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1. Socialism and communism are the same ideology

Communism is but an extreme form of socialism. From the ideological standpoint, there is no substantial difference between the two. In fact, the communist Soviet Union called itself the Union of Soviet Socialist Republics (1922-1991) and communist China, Cuba and Vietnam define themselves as socialist nations.

 

2. Socialism violates personal freedom

Socialism seeks to eliminate "injustice" by transferring rights and responsibilities from individuals and families to the State. In the process, socialism actually creates injustice. It destroys true liberty: the freedom to decide all matters that lie within our own competence and to follow the course shown by our reason, within the laws of morality, including the dictates of justice and charity.

 

3. Socialism violates human nature

Socialism is anti-natural. It destroys personal initiative – a fruit of our intellect and free will – and replaces it with State control. It tends to totalitarianism, with its government and police repression, wherever it is implemented.

 

4. Socialism violates private property

Socialism calls for "redistributing the wealth" by taking from the "rich" to give to the poor. It imposes taxes that punish those who have been able to take greater advantage of their productive talents, capacity to work or thrift. It uses taxation to promote economic and social egalitarianism, a goal that will be fully achieved, according to The Communist Manifesto, with the "abolition of private property."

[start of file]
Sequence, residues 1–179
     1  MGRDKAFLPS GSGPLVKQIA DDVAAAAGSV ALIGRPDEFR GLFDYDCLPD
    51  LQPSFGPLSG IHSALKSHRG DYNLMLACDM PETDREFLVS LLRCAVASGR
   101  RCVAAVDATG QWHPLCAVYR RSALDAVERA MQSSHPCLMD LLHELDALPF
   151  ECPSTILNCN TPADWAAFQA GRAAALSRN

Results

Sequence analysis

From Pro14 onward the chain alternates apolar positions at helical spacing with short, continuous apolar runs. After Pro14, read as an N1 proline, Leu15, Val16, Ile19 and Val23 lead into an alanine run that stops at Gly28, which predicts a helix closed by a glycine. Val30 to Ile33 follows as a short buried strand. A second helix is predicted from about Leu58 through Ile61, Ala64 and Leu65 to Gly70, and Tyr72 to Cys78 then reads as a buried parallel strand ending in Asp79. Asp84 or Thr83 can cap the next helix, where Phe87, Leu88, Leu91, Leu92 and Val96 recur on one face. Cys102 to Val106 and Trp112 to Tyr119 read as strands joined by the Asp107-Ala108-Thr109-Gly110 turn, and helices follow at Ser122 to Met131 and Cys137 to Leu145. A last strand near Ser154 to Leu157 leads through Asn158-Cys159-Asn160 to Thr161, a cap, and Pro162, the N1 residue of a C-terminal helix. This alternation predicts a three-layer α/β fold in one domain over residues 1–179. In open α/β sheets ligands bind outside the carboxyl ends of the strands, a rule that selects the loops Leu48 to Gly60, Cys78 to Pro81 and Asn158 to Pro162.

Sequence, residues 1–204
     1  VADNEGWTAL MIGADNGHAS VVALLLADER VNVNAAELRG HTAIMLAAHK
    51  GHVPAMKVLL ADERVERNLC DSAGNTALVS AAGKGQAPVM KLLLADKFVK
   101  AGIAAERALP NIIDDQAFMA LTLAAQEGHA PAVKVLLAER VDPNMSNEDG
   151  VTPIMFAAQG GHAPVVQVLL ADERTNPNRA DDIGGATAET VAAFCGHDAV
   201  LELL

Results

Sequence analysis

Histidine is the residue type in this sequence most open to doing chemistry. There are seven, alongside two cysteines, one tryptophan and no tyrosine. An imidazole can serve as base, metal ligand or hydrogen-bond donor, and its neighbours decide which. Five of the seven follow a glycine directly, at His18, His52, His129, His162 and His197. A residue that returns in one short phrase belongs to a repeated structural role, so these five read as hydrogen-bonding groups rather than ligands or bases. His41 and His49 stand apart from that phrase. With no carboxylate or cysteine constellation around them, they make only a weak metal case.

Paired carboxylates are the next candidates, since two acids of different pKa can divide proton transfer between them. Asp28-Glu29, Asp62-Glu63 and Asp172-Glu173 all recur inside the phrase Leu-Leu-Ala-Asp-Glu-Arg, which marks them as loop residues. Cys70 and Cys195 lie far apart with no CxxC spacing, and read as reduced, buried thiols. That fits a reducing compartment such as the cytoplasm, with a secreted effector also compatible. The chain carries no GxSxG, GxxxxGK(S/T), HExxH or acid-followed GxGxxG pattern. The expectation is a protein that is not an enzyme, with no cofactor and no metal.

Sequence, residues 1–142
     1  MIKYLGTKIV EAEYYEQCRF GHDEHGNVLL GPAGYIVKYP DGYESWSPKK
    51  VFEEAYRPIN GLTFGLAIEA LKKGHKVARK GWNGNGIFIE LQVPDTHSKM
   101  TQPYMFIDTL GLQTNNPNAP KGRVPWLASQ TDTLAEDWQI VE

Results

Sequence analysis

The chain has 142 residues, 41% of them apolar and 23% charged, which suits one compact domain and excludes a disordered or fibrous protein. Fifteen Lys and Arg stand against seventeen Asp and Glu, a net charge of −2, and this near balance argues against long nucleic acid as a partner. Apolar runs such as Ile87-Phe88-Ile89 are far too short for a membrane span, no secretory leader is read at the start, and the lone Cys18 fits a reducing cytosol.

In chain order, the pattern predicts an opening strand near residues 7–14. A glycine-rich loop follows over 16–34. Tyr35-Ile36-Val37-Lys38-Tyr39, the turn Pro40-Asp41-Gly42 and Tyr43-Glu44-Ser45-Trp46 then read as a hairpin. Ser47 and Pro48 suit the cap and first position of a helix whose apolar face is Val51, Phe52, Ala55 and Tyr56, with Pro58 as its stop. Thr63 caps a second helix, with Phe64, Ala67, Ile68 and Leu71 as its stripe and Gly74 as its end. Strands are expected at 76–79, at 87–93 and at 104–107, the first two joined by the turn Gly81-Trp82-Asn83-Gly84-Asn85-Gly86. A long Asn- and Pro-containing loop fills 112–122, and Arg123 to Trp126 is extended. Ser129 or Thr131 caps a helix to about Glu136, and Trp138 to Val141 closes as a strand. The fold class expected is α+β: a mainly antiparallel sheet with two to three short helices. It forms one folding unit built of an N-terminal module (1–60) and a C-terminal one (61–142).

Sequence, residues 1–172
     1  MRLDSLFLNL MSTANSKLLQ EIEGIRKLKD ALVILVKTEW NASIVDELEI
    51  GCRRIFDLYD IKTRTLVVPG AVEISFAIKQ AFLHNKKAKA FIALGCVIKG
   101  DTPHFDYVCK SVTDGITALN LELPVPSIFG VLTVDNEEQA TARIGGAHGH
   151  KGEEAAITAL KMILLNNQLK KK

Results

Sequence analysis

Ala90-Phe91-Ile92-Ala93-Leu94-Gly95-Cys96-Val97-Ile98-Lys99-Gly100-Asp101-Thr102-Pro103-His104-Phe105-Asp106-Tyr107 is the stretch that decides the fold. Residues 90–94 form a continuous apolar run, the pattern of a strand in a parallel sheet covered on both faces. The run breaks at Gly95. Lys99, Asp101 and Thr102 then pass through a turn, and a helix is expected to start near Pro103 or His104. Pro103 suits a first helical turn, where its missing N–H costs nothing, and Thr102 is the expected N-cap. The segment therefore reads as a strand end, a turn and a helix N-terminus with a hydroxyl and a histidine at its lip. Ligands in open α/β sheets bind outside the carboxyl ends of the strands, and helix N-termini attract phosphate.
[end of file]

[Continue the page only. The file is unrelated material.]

5. Socialism opposes traditional marriage

Socialism sees no moral reason for people to restrict sex to marriage, that is, to an indissoluble union between a man and a woman. Furthermore, socialism undermines private property, which Friedrich Engels, founder of modern socialism and communism along with Karl Marx, saw as the foundation of traditional marriage.

 

6. Socialism opposes parental rights in education

Socialism has the State, and not parents, control the education of children. Almost from birth, children are to be handed over to public institutions, where they will be taught what the State wants, regardless of parental views. Evolution must be taught. School prayer must be forbidden.

 

7. Socialism promotes radical equality

A supposed absolute equality among men is the fundamental assumption of socialism. Therefore, it sees any inequality as unjust in itself. Private employers are quickly portrayed as "exploiters" whose profits really belong to their employees. As a consequence, they rule out the system of wage earning.

 

8. Socialism promotes atheism

Belief in God, who unlike us is infinite, omnipotent and omniscient, clashes head-on with the principle of absolute equality. Socialism therefore rejects the spiritual, claiming that only matter exists. God, the soul, and the next life are illusions according to socialism.

 

9. Socialism promotes relativism